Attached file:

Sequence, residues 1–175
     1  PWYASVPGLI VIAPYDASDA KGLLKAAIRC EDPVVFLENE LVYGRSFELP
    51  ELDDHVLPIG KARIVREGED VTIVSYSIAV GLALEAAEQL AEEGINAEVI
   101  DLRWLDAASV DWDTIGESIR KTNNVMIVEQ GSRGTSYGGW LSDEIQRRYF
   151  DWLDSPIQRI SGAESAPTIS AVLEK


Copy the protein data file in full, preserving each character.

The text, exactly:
Sequence, residues 1–175
     1  PWYASVPGLI VIAPYDASDA KGLLKAAIRC EDPVVFLENE LVYGRSFELP
    51  ELDDHVLPIG KARIVREGED VTIVSYSIAV GLALEAAEQL AEEGINAEVI
   101  DLRWLDAASV DWDTIGESIR KTNNVMIVEQ GSRGTSYGGW LSDEIQRRYF
   151  DWLDSPIQRI SGAESAPTIS AVLEK